On February 3, 1970 the city and Airwork entered into still another agreement whereby the former agreed to construct for the use of Airwork a hangar and an addition to a building already occupied by Airwork under lease with the city. This instrument further provided for the making of a lease for the hangar and addition for 20 years, subject to the applicable terms of the master lease at a rental of $1.70 per square foot and a further lease for same upon its termination for an additional term of not less than ten years at a rental to be negotiated. The city then adopted ordinance 3-1970 directing the issuance of bonds to raise funds for the improvements contemplated by this agreement.

Airwork uses the leased premises for repairing aircraft motors and engines which are brought to its plant at the airport by air and surface transportation. Admittedly its business is not confined to the repair of motors, which only incidentally require servicing when at the airport. In the future Airwork will probably expand its operations at the airport to include repairs to industrial engines which power generating systems.

The city maintains that it requires the additional revenue derived and which may be derived from the leases and contracts

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with Airwork in order to alleviate the large drain upon its finances required to maintain the airport. Incidental, but by no means minor, benefits are derived from the employment furnished to its citizens by Airwork.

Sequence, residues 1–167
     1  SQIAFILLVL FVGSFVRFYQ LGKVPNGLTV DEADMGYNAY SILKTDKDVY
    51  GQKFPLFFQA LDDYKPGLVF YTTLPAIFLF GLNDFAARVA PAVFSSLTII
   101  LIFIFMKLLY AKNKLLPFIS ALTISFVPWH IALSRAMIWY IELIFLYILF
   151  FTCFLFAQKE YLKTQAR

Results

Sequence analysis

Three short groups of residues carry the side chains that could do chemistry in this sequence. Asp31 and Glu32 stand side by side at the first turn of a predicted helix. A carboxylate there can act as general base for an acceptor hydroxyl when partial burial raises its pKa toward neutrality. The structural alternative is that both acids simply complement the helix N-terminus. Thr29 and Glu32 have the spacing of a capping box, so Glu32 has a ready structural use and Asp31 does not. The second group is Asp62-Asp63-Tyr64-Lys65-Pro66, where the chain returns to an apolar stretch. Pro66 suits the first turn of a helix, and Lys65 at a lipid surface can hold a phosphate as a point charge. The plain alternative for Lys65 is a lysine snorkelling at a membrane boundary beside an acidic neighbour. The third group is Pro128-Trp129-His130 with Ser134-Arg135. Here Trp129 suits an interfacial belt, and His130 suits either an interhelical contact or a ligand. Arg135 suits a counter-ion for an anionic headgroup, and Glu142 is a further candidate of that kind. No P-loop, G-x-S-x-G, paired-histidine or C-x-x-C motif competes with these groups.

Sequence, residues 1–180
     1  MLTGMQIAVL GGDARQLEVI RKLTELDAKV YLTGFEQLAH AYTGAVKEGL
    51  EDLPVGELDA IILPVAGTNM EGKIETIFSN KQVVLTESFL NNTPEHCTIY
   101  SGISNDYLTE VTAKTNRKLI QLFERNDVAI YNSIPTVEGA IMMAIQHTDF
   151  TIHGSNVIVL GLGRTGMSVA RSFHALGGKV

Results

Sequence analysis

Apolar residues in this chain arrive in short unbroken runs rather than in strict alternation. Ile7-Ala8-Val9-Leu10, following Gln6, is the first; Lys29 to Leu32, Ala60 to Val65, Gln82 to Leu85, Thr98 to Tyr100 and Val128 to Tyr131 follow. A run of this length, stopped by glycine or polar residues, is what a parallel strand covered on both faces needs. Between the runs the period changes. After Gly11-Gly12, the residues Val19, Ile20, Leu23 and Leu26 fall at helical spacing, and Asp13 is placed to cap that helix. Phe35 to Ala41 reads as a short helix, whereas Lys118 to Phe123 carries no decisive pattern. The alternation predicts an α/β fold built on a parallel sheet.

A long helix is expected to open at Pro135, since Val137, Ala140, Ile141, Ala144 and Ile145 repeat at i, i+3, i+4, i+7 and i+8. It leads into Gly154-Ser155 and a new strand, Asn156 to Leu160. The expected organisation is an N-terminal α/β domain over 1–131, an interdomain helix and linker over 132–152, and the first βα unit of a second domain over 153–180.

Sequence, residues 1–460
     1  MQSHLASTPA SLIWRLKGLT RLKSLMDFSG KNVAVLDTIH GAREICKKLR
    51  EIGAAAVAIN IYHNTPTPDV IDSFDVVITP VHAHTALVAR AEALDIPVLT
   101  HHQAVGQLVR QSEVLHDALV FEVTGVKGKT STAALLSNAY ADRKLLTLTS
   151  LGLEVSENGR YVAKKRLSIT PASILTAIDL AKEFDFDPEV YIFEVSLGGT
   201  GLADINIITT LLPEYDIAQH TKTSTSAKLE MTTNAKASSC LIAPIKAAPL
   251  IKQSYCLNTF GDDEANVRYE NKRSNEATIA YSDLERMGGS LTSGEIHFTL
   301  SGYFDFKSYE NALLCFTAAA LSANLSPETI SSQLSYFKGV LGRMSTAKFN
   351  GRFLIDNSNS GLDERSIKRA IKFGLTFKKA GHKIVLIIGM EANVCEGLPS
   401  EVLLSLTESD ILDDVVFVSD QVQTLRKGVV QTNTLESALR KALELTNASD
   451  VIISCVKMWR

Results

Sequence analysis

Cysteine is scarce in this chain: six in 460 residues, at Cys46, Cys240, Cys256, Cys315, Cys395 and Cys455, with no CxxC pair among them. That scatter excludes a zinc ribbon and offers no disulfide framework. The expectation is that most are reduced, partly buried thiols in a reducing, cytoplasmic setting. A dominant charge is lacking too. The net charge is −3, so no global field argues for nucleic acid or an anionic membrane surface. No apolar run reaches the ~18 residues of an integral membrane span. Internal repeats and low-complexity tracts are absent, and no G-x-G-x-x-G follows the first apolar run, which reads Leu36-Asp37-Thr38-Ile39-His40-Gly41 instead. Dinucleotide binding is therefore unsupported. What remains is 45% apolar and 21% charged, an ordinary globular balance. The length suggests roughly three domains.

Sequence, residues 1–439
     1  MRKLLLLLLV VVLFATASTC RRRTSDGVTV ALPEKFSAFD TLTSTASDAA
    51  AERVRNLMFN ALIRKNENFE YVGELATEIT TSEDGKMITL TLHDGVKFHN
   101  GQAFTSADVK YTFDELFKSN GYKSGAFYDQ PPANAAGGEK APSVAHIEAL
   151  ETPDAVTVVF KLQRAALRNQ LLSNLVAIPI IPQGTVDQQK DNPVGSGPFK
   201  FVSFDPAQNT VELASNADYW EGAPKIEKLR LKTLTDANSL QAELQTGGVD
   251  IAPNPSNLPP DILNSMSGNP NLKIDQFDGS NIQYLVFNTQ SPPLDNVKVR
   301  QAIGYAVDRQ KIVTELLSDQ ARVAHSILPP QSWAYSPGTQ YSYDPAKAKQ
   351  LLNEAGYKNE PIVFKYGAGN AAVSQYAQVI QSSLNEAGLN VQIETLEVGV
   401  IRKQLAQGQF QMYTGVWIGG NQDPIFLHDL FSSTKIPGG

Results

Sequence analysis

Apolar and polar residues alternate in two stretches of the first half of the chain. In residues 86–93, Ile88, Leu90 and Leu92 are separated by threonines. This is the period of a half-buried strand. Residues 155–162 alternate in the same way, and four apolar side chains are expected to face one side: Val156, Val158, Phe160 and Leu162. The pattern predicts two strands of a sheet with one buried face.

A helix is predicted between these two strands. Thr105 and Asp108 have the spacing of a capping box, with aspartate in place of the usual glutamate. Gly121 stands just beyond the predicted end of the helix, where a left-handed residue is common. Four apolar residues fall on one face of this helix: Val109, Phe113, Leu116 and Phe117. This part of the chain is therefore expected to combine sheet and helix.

Plaintiff first advances the view that the proposed construction and associated bond issue are invalid because the proposed building is to be used under lease to Airwork for a private purpose instead of "airport purposes," as required by N.J.S.A. 40:8-1. This statute reads as follows:

The governing body of any county and the governing body of any municipality, or either of them, may acquire by gift, grant, purchase, condemnation or in any other lawful manner real estate or any right or interest therein for airport purposes and so use lands theretofore acquired for other public purposes and being used for airport purposes and erect thereon and maintain buildings for the airport purposes.

Upon such acquisition or use, the governing body of any county and the governing body of any municipality, or either of them, may lease the real estate, so acquired, with or without consideration to the state of New Jersey, or any agency thereof, or may lease it to any person for such consideration and for such term of years as may be agreed upon. [Emphasis added]

He asserts that renting the existing buildings and building the new structures for rental to Airwork constitute the ultra vires engagement by the city in private business.

I do not agree that this properly describes an activity proscribed by law. Rather the issue is simply whether the proposed action is authorized by law, either expressly or impliedly.

Although the language of N.J.S.A. 40:8-1 authorizes the erection of buildings for airport purposes, it does not delimit the construction of buildings for other purposes. I do not find that any statute of this State evinces a prohibition against such construction. Other statutes may be read in pari materia. Brewer v. Porch , 53 N.J. 167 (1969); City of Clifton v. Passaic County Board of Taxation , 28 N.J. 411 (1958); Palmer v. Kingsley , 27 N.J. 425 (1958).

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N.J.S.A. 40:60-42 authorizes municipalities to lease to any person any land or building not presently needed for public use. Its language is broad enough to authorize leases of less than the entire airport property for either airport or other purposes.